Health

PHIA Project: A Drop That Counts

Blue Raster is pleased to announce the debut of the Population HIV Impact Assessment (PHIA) Project website.

The PHIA Project, led by ICAP at Columbia University in partnership with the US Centers for Disease Control and Prevention (CDC), collects HIV information in sub-Saharan African countries through interviews and in-home HIV testing.

In 2014, UNAIDS set treatment goals for 2020:

  • 90% of all people living with HIV will know their HIV status
  • 90% of all people with diagnosed HIV infection will receive sustained antiretroviral therapy
  • 90% of all people receiving antiretroviral therapy will have viral suppression.

Blue Raster supports these goals through:

  • building the WordPress powered PHIA website
  • creating charts, maps and graphs for PHIA Factsheets
  • launching the PHIA Data site in the coming months (a CKAN based dataset visualization and download tool)

Zimbabwe 90-90-90 chart , created by Blue Raster

We’re glad to have the PHIA website up and running thanks to Blue Raster. We look forward to expanding this resource for HIV data as our project continues.” -Lory Frenkel, Communications Officer, PHIA Project

Visualizing Evolution of Atmospheric Deposition

Blue Raster launches the Critical Loads Mapper for the Environmental Protection Agency, the latest tool in a collection of EPA’s Global-Change-Explorer platform. This interactive web application analyzes atmospheric deposition from Nitrogen and Sulfur. Despite abundance in atmosphere and aquatic ecosystems, an excess of Nitrogen can cause significant environmental and health issues, leading to economic impacts across communities. Sulfur, when compounded to form various Sulfur Oxides, can cause health and respiratory problems, damage foliage, and create haze. Working with EPA, Blue Raster created a consolidated source of information, allowing the study of these elements within our ecosystem across a variety of models and timelines.

EPA’s Critical Loads Mapper incorporates a collection of four different respected scientific research efforts, including the National Atmospheric Deposition Program (NADP),  the Community Modeling and Analysis System (CMAQ), Total Deposition Science Committee (TDEP), and the Fifth Assessment Report (AR5) from the Intergovernmental Panel on Climate Change (IPCC). Each group of deposition estimates offers information on a variety of time spans, with some as early as 1851. Concentrations of these pollutants are predicted in deposition models which can help us better understand ecosystems at risk for exceedance of Nitrogen and Sulfur pollution.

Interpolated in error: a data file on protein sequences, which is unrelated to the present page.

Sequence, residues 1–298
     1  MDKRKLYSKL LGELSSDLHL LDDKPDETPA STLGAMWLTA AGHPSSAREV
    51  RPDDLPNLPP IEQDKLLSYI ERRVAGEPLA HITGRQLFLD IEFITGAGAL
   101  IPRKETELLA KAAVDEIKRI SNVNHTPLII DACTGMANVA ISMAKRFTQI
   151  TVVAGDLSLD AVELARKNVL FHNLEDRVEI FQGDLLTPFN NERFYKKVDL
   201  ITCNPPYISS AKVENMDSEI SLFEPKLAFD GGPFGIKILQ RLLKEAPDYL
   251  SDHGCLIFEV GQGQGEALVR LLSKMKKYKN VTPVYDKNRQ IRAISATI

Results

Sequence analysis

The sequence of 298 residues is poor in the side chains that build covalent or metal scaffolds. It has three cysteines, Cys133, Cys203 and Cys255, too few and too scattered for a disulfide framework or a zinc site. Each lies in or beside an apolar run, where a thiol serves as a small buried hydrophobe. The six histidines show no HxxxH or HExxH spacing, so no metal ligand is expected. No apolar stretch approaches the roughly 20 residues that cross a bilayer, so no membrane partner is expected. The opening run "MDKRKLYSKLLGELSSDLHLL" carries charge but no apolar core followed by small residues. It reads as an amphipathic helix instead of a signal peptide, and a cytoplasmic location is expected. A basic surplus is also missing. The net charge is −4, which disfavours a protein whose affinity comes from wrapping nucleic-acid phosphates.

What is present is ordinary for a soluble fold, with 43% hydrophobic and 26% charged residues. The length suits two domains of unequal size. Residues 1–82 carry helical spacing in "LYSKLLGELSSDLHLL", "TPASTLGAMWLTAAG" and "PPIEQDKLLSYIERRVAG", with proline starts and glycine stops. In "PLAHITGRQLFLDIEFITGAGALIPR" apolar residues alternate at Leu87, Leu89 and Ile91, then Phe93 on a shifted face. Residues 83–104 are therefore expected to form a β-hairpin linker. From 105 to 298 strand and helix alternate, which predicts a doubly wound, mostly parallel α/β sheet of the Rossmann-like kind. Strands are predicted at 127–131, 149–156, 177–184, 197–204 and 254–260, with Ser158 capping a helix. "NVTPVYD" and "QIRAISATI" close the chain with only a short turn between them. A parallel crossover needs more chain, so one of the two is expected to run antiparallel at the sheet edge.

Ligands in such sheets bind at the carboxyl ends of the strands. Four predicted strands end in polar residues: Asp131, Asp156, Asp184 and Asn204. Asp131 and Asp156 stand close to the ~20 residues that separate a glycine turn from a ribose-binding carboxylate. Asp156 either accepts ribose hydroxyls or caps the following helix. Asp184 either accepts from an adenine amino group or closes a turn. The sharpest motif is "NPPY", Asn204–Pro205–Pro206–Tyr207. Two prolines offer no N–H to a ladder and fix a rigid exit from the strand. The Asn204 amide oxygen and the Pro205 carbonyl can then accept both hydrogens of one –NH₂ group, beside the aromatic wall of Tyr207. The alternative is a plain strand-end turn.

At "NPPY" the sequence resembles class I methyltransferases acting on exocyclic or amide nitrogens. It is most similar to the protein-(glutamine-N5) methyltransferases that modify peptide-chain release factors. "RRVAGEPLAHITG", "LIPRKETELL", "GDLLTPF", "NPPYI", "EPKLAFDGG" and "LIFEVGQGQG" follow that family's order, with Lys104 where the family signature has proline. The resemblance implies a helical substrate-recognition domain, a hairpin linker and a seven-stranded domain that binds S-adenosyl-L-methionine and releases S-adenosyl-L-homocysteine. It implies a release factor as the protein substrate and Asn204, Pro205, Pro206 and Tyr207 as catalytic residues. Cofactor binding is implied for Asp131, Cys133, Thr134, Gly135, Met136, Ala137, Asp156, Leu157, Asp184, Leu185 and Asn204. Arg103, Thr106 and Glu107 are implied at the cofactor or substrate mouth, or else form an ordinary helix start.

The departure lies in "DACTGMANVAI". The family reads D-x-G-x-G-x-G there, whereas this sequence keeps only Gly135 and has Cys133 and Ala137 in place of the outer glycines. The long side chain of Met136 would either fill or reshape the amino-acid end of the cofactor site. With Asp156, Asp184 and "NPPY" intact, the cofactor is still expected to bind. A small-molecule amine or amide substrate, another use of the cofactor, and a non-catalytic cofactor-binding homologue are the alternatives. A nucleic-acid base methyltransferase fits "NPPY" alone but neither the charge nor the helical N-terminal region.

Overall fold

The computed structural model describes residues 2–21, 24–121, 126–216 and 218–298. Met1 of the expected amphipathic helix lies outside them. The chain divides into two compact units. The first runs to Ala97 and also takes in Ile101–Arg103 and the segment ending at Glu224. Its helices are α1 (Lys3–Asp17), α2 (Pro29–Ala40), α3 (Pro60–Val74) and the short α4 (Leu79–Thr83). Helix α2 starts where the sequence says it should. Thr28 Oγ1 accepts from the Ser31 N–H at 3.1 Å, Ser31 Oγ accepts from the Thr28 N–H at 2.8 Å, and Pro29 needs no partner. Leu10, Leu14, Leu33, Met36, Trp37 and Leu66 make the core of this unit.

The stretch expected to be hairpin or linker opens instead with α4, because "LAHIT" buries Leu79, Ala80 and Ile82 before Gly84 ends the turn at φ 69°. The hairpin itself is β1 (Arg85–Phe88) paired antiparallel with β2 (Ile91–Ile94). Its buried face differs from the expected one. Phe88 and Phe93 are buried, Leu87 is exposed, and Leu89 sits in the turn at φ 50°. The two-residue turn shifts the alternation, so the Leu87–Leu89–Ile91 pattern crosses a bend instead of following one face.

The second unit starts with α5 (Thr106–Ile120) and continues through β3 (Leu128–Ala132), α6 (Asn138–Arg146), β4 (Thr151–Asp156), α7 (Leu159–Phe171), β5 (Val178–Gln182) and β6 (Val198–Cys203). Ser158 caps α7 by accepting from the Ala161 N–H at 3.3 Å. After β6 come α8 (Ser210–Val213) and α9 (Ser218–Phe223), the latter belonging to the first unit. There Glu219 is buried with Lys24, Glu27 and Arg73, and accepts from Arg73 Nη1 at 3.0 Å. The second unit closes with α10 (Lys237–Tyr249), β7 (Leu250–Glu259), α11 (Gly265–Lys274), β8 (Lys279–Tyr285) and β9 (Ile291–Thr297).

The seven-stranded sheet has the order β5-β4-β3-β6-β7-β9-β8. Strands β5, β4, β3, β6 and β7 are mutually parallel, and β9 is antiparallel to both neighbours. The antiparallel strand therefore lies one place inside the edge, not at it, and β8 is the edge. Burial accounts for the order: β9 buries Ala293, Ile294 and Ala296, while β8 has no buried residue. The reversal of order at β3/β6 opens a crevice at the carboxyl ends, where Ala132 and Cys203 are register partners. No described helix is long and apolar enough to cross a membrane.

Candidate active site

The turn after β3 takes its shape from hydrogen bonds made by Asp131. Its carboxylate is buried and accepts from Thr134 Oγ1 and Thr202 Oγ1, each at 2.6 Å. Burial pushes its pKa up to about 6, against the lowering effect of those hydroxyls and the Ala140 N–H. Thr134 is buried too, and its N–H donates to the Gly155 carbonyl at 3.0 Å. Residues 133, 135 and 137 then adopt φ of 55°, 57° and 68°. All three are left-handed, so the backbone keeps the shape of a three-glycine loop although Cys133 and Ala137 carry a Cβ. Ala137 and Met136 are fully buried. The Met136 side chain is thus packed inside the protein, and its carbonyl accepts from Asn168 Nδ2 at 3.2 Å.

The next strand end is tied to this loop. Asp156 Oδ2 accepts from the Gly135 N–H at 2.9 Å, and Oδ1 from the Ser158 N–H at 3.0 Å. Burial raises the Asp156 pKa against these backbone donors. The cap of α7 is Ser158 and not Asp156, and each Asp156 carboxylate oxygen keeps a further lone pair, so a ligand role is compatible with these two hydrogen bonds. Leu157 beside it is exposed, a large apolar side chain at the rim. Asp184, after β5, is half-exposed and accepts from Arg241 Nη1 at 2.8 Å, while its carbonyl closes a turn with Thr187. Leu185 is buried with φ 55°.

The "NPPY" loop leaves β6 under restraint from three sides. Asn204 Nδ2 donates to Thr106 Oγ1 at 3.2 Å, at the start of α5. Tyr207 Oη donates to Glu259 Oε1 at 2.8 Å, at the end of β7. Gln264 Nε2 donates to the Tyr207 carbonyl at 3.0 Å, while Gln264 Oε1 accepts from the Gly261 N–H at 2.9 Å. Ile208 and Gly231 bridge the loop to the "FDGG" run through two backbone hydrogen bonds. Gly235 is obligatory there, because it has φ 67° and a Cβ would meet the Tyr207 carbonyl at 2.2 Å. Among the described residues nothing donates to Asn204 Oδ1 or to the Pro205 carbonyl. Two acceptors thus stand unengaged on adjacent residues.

In the application, you can overlay Federal lands and Wilderness areas from the Fish and Wildlife Service, National Park Service, and the US Forest Service. In our next release, users will be able to generate Deposition and Exceedance Profiles specific to each area.

With over 500 display options, the Critical Loads Mapper makes it easier for researchers, policy makers, and public officials to access this data, and create styled maps that can be saved, exported, or printed directly from the browser.

The Critical Loads Mapper is optimized to run at high performance, and leverages the ArcGIS Image Server for raster visualization and analysis. In addition, the application is built using Knockout, a JavaScript library that renders JSON (data) objects into html, for a simpler and more dynamic user interface experience. HTML5 Canvas, an html element, is the backbone for all of the on-the-fly printing capabilities. Each component of the application works to support the immense data being supplied while providing a user interface and user experience that is easily navigable and reliable.

TNC Story Map: Planting Healthy Air

By 2050, the majority of humanity will live in cities, towns, and other urban areas. Among the most pressing of global urban environmental challenges is air quality. In cities, the most damaging air pollutant is particulate matter (PM), but another pressing problem cities face is heat: the air is simply so hot in summer that human health is impacted. At the same time, with climate change, increasing temperatures around the world are exacerbating excess heat produced by cities and causing dangerous heat waves.

To address this concern for the future, The Nature Conservancy (TNC) investigated the effect of planting trees in urban areas. The science is clear that tree leaves play a part in removing particulate matter from the atmosphere along with many other air pollutants. Also, the shade provided by urban trees along with the transpiration of water during photosynthesis can help reduce air temperatures, while also reducing electricity needed for residential cooling. From an economic perspective, TNC found planting trees produces a significant return on investment when planted strategically in certain areas of a city.